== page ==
[FONT=Franklin Gothic Medium]I am coming up on my 1-year anniversary as a nurse. I've learned so much and have been extremely fortunate that I was nurtured and taught at my first job.
    [FONT=Franklin Gothic Medium]
    [FONT=Franklin Gothic Medium]I interviewed for another position at a different facility last week. Much to my surprise, I was hired! It is a position that I've always wanted to do. I am very excited.
    [FONT=Franklin Gothic Medium]
    [FONT=Franklin Gothic Medium]How exactly do you give notice? I'm going to try to work it out that I can give 3-4 weeks. Do I type up a professional letter? A part of me feels awful about leaving a great place. But, I am put on call way too much. I worked 12 out of 36 hours last week. I just cannot afford to do this any longer.
    [FONT=Franklin Gothic Medium]
    [FONT=Franklin Gothic Medium]Thanks for any input.
    [FONT=Franklin Gothic Medium]
    [FONT=Franklin Gothic Medium]
    Notice time = vacation time alloted in the year you are resigning
  8. by   I love my cat!
    Two weeks is plenty of notice, IMO.
    Please correct me if I am wrong, but I always thought that in a State with at-will employement...providing x-amount of days-weeks notice prior to quitting is not require by law. This applies to an employee quitting and/or an employee being fired.
    I was always under the impression that providing weeks notice was more of a courtesy on behalf of the employee, esp. if one is wanting a reference or recommendation.

    I could be totally wrong about this though.
  9. by   dusky1228
    the amount of notice may not be law in each state, but may be governed by facility policy. for each of the many positions i have had to give notice for, the amount of notice required by facility policy was equal to the amount of vacation one was allowed for that year.
    that being said......i also feel like 2 weeks should be sufficient.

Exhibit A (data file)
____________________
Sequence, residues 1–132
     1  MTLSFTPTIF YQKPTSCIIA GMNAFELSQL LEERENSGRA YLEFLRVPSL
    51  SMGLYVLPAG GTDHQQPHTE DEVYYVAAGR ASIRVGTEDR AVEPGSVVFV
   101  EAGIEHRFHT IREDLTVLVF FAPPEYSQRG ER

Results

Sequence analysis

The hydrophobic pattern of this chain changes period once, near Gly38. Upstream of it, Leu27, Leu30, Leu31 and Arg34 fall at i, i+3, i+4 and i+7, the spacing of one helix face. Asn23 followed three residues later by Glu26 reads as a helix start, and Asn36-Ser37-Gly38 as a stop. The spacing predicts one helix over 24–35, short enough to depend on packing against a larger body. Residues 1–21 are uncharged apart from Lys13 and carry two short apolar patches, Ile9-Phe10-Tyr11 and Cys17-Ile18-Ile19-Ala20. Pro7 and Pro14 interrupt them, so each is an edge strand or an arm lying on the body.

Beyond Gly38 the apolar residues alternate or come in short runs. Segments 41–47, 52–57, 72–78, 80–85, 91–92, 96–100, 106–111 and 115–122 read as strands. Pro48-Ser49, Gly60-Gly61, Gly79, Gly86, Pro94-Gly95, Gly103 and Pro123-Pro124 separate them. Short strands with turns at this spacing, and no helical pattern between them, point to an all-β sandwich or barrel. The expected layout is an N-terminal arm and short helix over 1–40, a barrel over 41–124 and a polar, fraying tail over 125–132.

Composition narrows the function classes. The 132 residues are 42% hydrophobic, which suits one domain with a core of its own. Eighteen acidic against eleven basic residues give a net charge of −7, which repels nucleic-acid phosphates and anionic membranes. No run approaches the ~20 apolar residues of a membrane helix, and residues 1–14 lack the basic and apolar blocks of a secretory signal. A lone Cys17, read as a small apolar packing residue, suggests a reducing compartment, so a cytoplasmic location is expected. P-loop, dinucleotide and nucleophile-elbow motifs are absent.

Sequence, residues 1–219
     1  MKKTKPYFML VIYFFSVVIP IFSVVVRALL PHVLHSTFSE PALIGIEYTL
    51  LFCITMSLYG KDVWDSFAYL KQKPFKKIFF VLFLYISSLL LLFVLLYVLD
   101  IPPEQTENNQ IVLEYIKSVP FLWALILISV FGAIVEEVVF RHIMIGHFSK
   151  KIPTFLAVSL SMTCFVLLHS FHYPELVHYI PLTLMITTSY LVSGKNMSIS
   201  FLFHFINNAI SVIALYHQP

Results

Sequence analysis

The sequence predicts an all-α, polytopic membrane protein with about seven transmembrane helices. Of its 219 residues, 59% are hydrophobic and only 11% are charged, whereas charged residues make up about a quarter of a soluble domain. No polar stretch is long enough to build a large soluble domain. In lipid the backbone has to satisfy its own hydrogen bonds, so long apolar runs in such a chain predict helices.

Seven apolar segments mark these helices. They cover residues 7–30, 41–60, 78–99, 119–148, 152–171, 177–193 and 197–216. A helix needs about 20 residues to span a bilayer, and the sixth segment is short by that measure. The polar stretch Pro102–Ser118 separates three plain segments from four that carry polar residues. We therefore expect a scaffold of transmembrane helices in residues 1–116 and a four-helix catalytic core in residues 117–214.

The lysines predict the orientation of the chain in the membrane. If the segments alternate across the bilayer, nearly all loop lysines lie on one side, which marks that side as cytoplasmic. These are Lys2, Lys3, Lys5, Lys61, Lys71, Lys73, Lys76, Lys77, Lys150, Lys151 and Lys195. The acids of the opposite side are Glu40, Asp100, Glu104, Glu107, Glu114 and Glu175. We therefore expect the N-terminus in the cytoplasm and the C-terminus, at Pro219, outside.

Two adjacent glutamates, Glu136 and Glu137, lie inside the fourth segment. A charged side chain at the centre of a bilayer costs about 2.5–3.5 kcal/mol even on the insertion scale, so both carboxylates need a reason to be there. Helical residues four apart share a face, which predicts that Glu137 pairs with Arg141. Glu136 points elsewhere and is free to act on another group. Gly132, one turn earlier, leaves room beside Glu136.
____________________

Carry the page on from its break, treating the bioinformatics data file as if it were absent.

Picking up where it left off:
10. by   caliotter3
    Quote from I love my cat!
    Two weeks is plenty of notice, IMO.
    Please correct me if I am wrong, but I always thought that in a State with at-will employement...providing x-amount of days-weeks notice prior to quitting is not require by law. This applies to an employee quitting and/or an employee being fired.
    I was always under the impression that providing weeks notice was more of a courtesy on behalf of the employee, esp. if one is wanting a reference or recommendation.

    I could be totally wrong about this though.
    This is what I found out. I had mistakenly believed that it was still two weeks.
  11. by   AllSmiles225
    When I started my job they told me 2 weeks for CNAs and 4 weeks for nurses. I mean technically I don't think they can mandate that, but I doubt I would get a good reference if I quit and only gave 2 weeks.
  12. by   levisandtees
    The facility I work for expects one month notice ("professional courtesy") per P&P and "reserves the right to hold any accrued PTO and provide negative feedback with future job references if employees do not comply with policy". Of course now management is suspicious anytime we use a chunk of PTO...

close